Lewis Hamilton, Charles Leclerc, Circuit de Catalunya, 2019

Are Ferrari planning a two-stop attack on Mercedes?

2019 Spanish Grand Prix pre-race analysis

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Ferrari didn’t have the pace to challenge Mercedes in qualifying. But afterwards Sebastian Vettel hinted their cars were set up more with the race in mind.

It is surely wishful thinking to imagine Mercedes, who were eight-tenths of a second quicker than anyone on Saturday, might face some serious competition in the race. But as we have seen in previous races, the teams’ performance can vary significantly between the different tyres compounds.

Ferrari, having clearly realised they weren’t going to be able to out-qualify Mercedes, took fewer sets of softs into qualifying in order to have more strategic options in the race. Compared to Mercedes they have an extra set of fresh medium tyres, suggesting they’re prepared for a two-stop soft-medium-medium strategy.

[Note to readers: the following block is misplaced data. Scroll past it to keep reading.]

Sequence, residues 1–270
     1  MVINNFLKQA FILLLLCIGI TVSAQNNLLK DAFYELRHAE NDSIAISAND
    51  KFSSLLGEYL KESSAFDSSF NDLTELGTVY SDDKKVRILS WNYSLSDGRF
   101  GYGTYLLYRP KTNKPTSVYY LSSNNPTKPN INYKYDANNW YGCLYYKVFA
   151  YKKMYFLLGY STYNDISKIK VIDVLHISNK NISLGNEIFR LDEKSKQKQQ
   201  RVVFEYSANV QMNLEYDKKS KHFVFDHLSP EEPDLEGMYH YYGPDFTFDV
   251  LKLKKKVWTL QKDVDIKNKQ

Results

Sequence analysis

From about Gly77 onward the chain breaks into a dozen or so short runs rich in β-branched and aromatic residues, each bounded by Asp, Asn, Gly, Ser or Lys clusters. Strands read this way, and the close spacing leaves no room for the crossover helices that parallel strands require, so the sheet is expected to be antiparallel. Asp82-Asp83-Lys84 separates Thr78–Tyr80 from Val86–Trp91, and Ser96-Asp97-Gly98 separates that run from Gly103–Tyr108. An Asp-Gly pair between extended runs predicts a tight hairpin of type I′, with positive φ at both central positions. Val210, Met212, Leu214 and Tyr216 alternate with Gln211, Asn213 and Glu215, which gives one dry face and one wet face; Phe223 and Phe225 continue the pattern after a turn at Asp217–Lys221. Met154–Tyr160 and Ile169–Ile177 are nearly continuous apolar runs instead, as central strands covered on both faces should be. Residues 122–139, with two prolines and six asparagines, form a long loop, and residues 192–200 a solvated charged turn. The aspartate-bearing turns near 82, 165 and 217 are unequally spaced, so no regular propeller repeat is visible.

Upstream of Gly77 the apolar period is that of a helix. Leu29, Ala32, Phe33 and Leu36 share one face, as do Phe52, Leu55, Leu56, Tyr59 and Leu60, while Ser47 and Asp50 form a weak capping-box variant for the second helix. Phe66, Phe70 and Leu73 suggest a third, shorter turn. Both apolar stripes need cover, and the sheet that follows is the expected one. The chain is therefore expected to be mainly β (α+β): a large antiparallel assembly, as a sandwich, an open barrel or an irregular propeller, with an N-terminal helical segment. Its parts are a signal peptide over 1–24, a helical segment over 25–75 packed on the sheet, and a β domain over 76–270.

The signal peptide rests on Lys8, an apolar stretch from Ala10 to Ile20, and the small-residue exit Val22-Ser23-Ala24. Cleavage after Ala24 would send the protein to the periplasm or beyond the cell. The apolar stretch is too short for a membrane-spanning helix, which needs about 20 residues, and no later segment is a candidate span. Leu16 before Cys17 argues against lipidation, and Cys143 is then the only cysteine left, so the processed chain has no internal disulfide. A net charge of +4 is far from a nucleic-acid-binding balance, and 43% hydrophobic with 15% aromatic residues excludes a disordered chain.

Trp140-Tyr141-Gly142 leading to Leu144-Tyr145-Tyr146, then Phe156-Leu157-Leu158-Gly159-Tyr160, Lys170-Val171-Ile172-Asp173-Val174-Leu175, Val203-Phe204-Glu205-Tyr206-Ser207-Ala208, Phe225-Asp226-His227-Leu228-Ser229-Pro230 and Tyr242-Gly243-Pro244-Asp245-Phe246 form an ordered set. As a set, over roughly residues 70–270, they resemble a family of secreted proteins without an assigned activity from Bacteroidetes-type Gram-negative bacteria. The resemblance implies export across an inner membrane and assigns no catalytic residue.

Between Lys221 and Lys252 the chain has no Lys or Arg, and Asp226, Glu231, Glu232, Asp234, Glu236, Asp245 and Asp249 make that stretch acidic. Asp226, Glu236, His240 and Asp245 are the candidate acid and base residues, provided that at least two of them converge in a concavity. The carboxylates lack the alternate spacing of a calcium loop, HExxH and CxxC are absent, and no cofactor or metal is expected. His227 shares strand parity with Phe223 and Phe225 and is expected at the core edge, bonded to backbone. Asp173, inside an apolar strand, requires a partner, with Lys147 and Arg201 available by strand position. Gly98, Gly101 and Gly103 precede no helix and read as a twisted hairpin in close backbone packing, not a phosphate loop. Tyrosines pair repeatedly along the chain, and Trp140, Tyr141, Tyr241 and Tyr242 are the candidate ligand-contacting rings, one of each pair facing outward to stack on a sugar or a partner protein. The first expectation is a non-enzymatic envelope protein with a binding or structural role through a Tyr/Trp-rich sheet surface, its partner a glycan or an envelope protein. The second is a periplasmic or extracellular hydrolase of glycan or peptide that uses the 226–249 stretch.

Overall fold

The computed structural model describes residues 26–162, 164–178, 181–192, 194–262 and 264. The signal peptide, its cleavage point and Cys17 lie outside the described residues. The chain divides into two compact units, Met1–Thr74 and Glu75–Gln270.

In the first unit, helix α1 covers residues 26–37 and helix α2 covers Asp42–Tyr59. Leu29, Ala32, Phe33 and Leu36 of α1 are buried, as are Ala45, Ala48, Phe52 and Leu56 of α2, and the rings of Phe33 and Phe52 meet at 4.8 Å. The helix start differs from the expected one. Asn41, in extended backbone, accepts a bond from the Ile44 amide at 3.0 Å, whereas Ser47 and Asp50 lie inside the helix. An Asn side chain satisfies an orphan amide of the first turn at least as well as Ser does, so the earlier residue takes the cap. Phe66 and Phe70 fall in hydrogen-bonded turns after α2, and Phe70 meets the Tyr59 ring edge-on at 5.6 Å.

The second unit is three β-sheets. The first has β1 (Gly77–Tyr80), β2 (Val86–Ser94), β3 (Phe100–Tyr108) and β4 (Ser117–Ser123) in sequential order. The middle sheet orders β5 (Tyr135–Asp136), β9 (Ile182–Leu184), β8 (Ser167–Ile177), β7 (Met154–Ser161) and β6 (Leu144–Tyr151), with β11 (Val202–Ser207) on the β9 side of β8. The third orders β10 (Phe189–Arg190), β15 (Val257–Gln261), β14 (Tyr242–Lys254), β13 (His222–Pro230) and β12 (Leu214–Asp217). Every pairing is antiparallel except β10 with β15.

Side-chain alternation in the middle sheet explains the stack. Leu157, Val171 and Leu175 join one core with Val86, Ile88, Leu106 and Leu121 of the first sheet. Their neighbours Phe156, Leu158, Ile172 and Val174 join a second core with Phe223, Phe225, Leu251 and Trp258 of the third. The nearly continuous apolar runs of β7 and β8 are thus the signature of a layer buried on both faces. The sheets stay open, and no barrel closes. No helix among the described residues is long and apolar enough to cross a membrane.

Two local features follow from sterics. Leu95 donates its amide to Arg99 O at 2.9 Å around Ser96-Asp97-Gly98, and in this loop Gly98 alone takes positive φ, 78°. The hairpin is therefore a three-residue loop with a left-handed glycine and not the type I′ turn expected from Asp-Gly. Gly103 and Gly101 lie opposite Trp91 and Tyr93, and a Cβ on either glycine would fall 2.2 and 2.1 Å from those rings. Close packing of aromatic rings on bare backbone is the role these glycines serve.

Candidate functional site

According to Pirelli drivers will have to run the soft until around lap 27 to make a soft-hard single-stop strategy work. This sounds very conservative – the hard tyre stint would only be 39 laps long – and it wouldn’t be a surprise to see Mercedes come in much sooner than lap 27 if they go down this route. Even so, if Ferrari intends to gamble on a two-stopper, that should allow them to come in earlier still and take the advantage of the ‘undercut’.

Pirelli’s motorsport director Mario Isola said a soft-medium one-stop may be possible it is “really, really marginal”. Either way, Ferrari have options. But equally, either way they will have to be closer to Mercedes’ pace on Sunday to make use of them.

They should at least not have to worry about losing places to the Red Bulls at the start. The red cars were quickest of all in the speed trap, and may be able to threaten Mercedes on the long run to turn one.

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The Mercedes drivers have a battle of their own, of course, and they may fight it harder on the first lap at the Circuit de Catalunya than they did in Baku, where overtaking is less difficult.

Pierre Gasly, Red Bull, Circuit de Catalunya, 2019
Will Red Bull disrupt Ferrari’s plan?
Although Lewis Hamilton looked in good shape in final practice, Valtteri Bottas has looked the quicker of the two. But the sheer size of the gap between the two in qualifying was exaggerated because Hamilton began Q3 without a fully charged battery.